Wahi a Kumu Kalena Silva, kahi luna loiloi no ka Mele Manaka 2013, ʻo “kēia makemake o ka poʻe Hawaiʻi e hoʻokūkū, he mea kahiko loa, ʻaʻohe mea hou. Kēlā manawa, ʻano hoʻohenehene ʻana kekahi hālau i kekahi. E piʻi ai ka makemake o ka poʻe e lilo iā lākou ka lanakila.”
Ua mālama ʻia kēia hana moʻomeheu ma ka hoʻokūkū Mele Manaka, a ʻike ʻia kekahi mau manaʻo koʻikoʻi hou aku no kēia hana hoʻokūkū a noho luna loiloi ʻana.
“Nā mea i koho ʻia no ka loiloi ʻana, he mau kumu, he mau loea paha i mākaukau i nā ʻano like ʻole i loko o ka hula.” I ʻōlelo ai ʻo Kumu Manu Boyd, ke kumu no Hālau ʻO Ke ʻAʻaliʻi Kū Makani.
Wahi a Luana Kawelu, ka Pelekikena o ka Hoʻolauleʻa Mele Manaka, “mea nui ka loaʻa o nā kumu mai nā hālau like ʻole. Pono pū ko lākou ʻike no ka ʻaoʻao kahiko a ʻauana pū. ʻAʻole loa ia he hana maʻalahi.”
ʻŌlelo hou mai ʻo Kumu Manu, “ua moakāka wale nō nā mea e loiloi ʻia ana… ke kaʻina wāwae, ke kuhi lima, ka hula kaʻi, ka lole, a me ka lei, a me ka maiau paha o ka ʻōlapa, inā he pūpalakī, mōkākī, kāpulu, hiki ke ʻike ʻia mai ka minuke i komo ai ka hālau i mua ou.”
ʻO ka māhele e nānā nui ʻia ai e nā luna loiloi, ʻo ia ka wehewehena o ka manaʻo o ke mele. No laila, hoʻouna nā kumu i nā manaʻo no nā mele e koho ʻia.
“ʻOiai hoʻomākaukau nui ka poʻe i kēlā manawa, ʻo ka poʻe o kēia manawa, hoʻomākaukau nui palena ʻole kēia poʻe. No laila iaʻu, he hōʻailona kēlā o ka ʻōlelo Hawaiʻi, he kahua ikaika kēlā, no ka poʻe hula, ʻoiai he ʻike ko ka mea hula i kāna e hula ana.” i ʻōlelo ai ʻo Kumu Kalena.
“Ma ka hula ʻana o kekahi ʻōlapa, i kuʻu manaʻo, hiki ke ʻike ʻia ke ʻano, ka moʻolelo, ka ʻike ma nā maka o ka ʻōlapa.” wahi a Kumu Manu.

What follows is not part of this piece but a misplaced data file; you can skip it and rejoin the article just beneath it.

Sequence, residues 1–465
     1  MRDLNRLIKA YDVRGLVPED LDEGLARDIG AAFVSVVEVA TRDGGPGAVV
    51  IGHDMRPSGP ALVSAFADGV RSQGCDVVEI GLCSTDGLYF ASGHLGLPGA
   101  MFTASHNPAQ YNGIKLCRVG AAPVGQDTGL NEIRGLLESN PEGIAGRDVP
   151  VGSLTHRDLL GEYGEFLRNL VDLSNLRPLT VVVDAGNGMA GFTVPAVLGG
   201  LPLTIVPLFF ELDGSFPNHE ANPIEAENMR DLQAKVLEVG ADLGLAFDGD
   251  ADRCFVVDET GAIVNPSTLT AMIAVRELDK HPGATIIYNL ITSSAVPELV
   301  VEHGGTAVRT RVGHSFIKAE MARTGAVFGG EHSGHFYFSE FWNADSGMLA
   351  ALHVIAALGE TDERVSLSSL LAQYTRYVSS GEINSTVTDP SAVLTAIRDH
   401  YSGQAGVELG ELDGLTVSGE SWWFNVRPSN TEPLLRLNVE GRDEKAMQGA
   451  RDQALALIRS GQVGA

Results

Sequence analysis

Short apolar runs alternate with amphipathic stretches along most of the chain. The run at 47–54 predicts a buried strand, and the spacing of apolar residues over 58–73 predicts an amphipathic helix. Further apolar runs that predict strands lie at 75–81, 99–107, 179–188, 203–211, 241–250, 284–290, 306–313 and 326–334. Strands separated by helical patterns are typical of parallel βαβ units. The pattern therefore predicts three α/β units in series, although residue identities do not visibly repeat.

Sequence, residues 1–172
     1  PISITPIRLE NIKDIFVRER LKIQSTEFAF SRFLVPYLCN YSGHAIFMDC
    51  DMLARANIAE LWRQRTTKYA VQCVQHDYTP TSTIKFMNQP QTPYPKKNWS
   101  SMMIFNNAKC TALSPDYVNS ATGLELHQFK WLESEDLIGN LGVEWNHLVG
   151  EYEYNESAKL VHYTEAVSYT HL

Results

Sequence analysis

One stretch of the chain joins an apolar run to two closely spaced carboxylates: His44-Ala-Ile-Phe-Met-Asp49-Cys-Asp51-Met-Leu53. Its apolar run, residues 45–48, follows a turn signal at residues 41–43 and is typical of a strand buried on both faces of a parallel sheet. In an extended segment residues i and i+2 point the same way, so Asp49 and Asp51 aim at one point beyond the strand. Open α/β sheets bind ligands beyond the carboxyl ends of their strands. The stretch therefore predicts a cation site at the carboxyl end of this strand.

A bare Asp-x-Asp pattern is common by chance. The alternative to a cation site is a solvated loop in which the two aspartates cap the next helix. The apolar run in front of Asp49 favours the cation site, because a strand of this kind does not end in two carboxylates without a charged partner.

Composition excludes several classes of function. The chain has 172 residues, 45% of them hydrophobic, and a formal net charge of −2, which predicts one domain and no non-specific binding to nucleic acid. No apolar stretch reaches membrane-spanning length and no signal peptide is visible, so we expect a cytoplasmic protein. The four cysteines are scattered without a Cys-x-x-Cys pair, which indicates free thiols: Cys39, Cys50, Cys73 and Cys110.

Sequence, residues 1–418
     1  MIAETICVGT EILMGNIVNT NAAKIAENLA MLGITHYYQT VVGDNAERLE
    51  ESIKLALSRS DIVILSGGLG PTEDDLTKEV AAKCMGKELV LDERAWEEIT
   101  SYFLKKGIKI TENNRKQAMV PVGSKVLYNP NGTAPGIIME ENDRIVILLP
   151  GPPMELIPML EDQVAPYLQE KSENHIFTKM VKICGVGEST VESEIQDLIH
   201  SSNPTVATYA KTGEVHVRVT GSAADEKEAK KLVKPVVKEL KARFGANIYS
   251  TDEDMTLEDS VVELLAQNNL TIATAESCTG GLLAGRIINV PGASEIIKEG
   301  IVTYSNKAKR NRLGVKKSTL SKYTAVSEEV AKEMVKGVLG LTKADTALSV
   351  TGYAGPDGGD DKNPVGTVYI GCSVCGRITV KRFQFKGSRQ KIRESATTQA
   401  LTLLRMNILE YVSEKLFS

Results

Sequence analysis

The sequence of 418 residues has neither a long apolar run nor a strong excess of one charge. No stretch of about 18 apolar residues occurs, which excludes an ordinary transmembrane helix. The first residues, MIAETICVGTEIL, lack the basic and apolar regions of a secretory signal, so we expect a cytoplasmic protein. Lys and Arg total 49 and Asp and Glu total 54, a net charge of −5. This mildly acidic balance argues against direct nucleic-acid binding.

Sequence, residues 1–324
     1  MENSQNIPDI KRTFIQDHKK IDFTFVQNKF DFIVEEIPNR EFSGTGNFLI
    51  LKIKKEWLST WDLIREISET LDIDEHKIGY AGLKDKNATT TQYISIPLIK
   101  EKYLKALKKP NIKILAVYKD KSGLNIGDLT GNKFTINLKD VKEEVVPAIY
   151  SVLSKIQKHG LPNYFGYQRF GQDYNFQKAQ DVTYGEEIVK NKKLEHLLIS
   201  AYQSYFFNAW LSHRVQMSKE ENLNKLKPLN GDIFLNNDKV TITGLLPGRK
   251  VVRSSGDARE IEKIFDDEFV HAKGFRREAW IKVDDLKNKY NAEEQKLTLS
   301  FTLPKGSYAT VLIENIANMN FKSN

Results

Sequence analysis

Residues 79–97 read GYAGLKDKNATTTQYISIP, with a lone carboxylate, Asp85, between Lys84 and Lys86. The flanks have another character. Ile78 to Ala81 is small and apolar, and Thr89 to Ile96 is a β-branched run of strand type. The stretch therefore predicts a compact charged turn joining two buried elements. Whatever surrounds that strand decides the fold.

I launa nā mea a pau, loiloi nā luna i ia mau palapala.
“No laila, ke noho luna loiloi au, hoʻomaopopo au, ua hele mai kēia poʻe me ka mākaukau. A nui koʻu hoʻomaikaʻi i nā hālau pākahi a pau, ko lākou paʻu nui.” i ʻōlelo pū ai ʻo Kumu Kalena.
According to Kumu Kalena Silva, a judge for the Merrie Monarch 2013 competition, “Hawaiians have always enjoyed competitions. Hālau use to engage in battles of wit to spur the competitive spirit.”
This competitive spirit continues in venues like Merrie Monarch, overseen by qualified judges.
Manu Boyd, the Kumu Hula of Hālau ʻO Ke ʻAʻaliʻi Kū Makani, also comented that, “judges are chosen for their skill and insight to hula.”
The President of the Merrie Monarch Festival, Luana Kawelu, also commented that “first of all, you have to know the background of the judges, because you cannot have all judges coming from one school. You also have to make sure that the judges know a strong, in both kahiko and ʻauana. It’s not an easy job to be a judge.”
“For us kumu, it is clear what is expected. From the foot movements, to the hands…the adornments and all the details deserving attention…if this is not all in order, it’s evident from the minute the dancer hits the stage.” says Kumu Manu.
According to Luana, “the judges judge on several categories, and the one with the most points is the interpretation. So, each kumu sends in a fact sheet that tells their interpretation about the mele, what the mele is all about.”
“While dancers always studied their mele, nowadays they appreviate it even more. That is no doubt due to the increase in understanding of the language.” says Kumu Kalena.
Kumu Manu also states that “when a dancer dances, you can see the story through their facial expressions.”
“It all has to fit. And so they send all of that, the facts, in to the judges, and each judge has to read all of those.” says Luana.
“As a judge, I know they have done a lot of research and I honor and mahalo that.” says Kalena.